Ngaben – The Cremation Ceremony in Bali
Ngaben, a Balinese sacred ceremonial ritual, is one of the most important cultural events. It’s a cremation ceremony where families send off the deceased known to enter the “next” life. In Hindu, ngaben means to separate the soul from the body, which is done in this ritual through cremation.
Before the main ceremony begins, family members of the deceased prepare a wooden ox that is used to hold the bodies that are eventually burnt. As the wooden ox (or temple structure) is carried to the cremation site, Balinese will try to confuse the deceased’s spirit to make sure it doesn’t find its way back home.
Balinese shake the temple, spin it around, throw things at it and will not carry it in a straight line, simply to confuse the spirit. Families then go through a series of rituals conducted by a priest. After completing the rituals, the wooden ox is set on fire, sending the deceased off to their “next” life. Families pick up the ashes and spread them in the ocean.
Unlike other death ceremonies, Ngaben is celebrated merrily by the Balinese as this ceremony shows that family members have completed their duty. There should not be any tears of sadness as Balinese believe that it will hinder the spirit reaching their next life.
This ceremony normally isn’t taken immediately after one’s death. It must take place on a particular day as calculated by the Balinese calendar or recommended by the priest. A lot of time will also be required for the preparation, ranging from weeks until months for bigger ceremonies. Some families also wait a few years after their family has passed away, since a lot of money is needed to pay all the expenses.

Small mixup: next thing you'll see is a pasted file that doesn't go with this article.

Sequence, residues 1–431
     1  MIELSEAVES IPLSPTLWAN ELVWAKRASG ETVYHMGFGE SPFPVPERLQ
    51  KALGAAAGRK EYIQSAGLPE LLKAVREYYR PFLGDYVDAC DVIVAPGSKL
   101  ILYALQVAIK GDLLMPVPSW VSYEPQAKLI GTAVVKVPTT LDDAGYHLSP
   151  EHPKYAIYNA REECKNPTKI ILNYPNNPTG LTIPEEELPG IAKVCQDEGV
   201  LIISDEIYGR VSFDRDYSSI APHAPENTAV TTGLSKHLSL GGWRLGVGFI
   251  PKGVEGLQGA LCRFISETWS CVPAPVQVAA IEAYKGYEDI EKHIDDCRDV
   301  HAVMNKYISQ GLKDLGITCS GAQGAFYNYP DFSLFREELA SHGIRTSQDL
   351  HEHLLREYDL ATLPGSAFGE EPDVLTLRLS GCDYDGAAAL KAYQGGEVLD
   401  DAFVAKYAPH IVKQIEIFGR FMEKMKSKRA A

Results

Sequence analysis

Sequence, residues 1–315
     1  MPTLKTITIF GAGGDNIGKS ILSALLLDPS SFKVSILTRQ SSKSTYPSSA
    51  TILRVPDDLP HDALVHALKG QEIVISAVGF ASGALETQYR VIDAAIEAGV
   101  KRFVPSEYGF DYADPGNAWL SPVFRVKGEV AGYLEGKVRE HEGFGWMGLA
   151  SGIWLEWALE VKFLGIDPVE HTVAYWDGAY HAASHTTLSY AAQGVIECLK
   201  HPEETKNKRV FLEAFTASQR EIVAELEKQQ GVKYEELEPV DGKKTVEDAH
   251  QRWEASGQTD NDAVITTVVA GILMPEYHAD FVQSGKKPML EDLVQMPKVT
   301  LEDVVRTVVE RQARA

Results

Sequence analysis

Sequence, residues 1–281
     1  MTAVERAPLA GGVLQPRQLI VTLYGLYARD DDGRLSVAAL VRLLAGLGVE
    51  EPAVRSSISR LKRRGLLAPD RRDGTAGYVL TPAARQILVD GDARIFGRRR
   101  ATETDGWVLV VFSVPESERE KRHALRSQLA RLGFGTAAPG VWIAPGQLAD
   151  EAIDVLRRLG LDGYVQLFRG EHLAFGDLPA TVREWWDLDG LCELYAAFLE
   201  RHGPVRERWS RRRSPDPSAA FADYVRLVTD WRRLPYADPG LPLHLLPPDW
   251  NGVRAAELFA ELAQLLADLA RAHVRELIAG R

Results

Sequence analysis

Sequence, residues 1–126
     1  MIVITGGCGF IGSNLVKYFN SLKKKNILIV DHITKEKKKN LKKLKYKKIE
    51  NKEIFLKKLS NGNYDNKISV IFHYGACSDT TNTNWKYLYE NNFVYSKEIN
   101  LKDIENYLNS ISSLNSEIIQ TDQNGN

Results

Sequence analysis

Every few years a collective Ngaben ceremonies, also known as Ngaben Masal is held. The difference between the regular one is, in Ngaben Masal, a number of people are cremated at once. One of the purposes is to help reduce the cost. However, high Hindu priests or religious leaders will normally be cremated right away. On the other hand, royal families will need several months to prepare for a special cremation ceremony. This is due to the procession that can take up to 3 days for individuals with higher caste.
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